Types of Cookers Explained

Types of Cookers Explained

Unless you’re an experienced chef, it’s unlikely you’re familiar with the types of cookers at your disposal.

Perhaps you’re a big foodie, or the recent lockdowns have piqued an interest in the kitchen, and you’ve become something of a budding Gordon Ramsey—minus the shouting and swearing (we hope!)—and you’re looking to upgrade your kitchen with a cooker better suited to fit your needs.

And maybe you don’t know where to begin…

Relax. We’ve got you covered. This article outlines the types of cookers currently on the market, their affordability, and the pros and cons of each, and will hopefully help you on your way to becoming the next MasterChef!

 

What Is the Difference Between a Cooker and an Oven?

In short, a cooker is an all-in-one jobbie that generally contains one or two ovens and one hob top. An oven is the main contender in your cooking endeavours and serves predominantly for the cooking/baking/roasting part of your cooking.

 

Types of Cookers

Gas Cooker Pros and Cons

1. Gas cookers

One of the more traditional types of cookers, the gas cooker is a fan-fave of old-school chefs and cooking enthusiasts because the fans inside generally provide a more consistent cooking heat, which is ideal for cooking foods such as meat and fish.

Depending on how often you use your oven, gas cookers can be expensive to run. If you’re on the go and only cook several times a week (or less…) a gas cooker shouldn’t be too costly.

However, if your favourite room of the house happens to be the kitchen and you use it three times a day minimum, it’s wise to consider an alternative option.

Pros of gas cookers

  • Gas cookers (and hobs) provide instant heat, which is ideal for when you want a quick meal or are too tired/hungry to wait around for an electric one to warm up!
  • Gas cookers with sealed burners are easy to clean and maintain.
  • Required changes in heat are instant.

Cons of gas cookers

  • They present a possible gas leak threat.
  • Less sustainable than their counterparts.
  • Those without sealed burners are prone to food clogging and can be a pain to clean.

2. Electric cookers

Electric Cooker Pros and Cons

The modern solution to cooking, the electric cooker is a popular choice among homeowners, owing to its stylish, sleek looks and heat consistency. They also retain their heat, whereas a traditional gas cooker is famous for creating a hot cooking environment.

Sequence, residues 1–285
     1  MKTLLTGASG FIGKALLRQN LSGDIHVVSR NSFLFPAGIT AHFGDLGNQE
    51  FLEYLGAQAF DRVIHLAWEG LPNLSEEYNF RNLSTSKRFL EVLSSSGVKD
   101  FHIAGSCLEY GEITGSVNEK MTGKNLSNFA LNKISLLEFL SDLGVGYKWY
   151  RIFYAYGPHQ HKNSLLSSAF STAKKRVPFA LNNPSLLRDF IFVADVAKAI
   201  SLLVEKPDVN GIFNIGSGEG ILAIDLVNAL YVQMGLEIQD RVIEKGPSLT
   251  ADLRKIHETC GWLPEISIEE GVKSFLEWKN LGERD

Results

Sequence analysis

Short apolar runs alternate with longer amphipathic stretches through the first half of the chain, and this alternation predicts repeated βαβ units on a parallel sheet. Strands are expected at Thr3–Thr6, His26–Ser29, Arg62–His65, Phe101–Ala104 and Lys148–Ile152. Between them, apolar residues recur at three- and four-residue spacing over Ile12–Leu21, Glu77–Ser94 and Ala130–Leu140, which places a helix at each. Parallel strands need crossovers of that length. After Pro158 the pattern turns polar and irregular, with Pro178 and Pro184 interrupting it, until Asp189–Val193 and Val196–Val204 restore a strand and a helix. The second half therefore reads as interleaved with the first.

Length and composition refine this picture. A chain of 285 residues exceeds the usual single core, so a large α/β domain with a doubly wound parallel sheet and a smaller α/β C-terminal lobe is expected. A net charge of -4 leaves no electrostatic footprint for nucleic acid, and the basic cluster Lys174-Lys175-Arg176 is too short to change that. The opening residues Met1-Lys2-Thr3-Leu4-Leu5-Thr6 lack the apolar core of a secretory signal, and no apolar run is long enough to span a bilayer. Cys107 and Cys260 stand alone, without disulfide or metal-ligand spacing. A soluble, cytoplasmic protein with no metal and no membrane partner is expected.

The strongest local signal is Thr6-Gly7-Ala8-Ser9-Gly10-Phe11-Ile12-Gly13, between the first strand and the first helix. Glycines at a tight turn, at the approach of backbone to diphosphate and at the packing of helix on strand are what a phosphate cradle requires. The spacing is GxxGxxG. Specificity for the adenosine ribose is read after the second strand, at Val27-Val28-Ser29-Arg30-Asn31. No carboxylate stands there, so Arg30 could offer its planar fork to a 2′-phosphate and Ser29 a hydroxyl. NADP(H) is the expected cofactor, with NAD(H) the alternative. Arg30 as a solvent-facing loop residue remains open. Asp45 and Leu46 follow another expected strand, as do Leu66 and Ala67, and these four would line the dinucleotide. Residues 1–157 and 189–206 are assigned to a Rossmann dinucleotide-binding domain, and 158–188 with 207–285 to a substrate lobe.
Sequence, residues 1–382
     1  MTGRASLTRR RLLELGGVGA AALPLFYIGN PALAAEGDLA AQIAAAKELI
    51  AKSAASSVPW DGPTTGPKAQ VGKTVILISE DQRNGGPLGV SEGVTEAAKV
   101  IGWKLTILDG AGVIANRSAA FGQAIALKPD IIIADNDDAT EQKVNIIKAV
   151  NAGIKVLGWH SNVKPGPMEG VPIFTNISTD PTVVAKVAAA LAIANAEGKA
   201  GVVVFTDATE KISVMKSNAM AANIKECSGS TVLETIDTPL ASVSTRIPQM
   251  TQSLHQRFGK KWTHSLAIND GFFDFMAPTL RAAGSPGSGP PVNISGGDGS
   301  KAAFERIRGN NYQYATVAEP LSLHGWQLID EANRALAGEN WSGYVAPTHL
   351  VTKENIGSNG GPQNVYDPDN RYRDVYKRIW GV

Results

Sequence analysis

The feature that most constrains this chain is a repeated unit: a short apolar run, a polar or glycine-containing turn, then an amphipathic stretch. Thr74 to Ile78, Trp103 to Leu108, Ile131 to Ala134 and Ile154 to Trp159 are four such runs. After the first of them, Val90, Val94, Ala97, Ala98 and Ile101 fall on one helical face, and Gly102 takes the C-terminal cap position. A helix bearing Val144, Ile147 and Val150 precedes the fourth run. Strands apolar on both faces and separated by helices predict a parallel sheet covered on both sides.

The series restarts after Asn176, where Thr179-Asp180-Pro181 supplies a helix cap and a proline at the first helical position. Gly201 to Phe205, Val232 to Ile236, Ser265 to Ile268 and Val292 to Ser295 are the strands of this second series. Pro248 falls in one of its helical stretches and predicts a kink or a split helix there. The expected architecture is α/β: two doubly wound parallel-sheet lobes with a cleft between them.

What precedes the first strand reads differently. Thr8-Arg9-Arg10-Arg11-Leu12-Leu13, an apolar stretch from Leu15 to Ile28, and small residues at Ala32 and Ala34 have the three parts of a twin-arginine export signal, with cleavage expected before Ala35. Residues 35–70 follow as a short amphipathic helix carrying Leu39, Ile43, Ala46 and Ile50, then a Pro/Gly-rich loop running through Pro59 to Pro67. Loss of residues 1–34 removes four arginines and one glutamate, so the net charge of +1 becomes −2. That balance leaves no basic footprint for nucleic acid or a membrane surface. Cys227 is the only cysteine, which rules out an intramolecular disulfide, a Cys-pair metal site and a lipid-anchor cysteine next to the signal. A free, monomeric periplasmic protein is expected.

They’re also a favourite among contemporary cooks because they are considerably easier to keep clean, and the heat is often easier to control and more precise than with a gas cooker, lessening the chance of overcooked food.

Pros of electric cookers

  • Precise heat management.
  • Easier and safer to clean the hob area.
  • Can often come with modern, ‘intelligent’ features, such as electronic controls and meat thermometers.
  • Depending on your energy provider, they can mean your utility bills will be lower.

Cons of electric cookers

  • They can be more expensive to purchase than gas cookers.
  • Areas prone to power outages will have no choice but to regularly fork out for takeaways!
  • Prone to scratches on the hob and are often less durable than their alternatives.
  • They maintain heat, even after being switched off, which can be hazardous to a household with children or pets.

3. Dual fuel cookers

Dual Fuel Cooker Pros and Cons

The best of both worlds, the dual fuel cooker offers a gas hob and an electric oven, which holds the benefits of instant hob heat and the precise cooking heat that comes with the electric oven.

Naturally, because of these features, they often range higher in price than either singular gas or electric cookers and will need to be installed by a certified engineer.

Dual fuels are great for frequent and confident cooks, due to their advanced features and practicality, and are often aesthetically pleasing; ensuring they look stylish and sleek in the modern kitchen environment.

Pros of dual fuel cookers

  • Efficient with cooking times.
  • Even heating, which is ideal for baking.
  • Easy-clean oven space.

Cons of dual fuel cookers

  • The hob having gas rings means it’s not as practical for cleaning as an electric hob.
  • A potential gas leak from the hob area.
  • They often take up more space in the kitchen than the average gas or electric oven.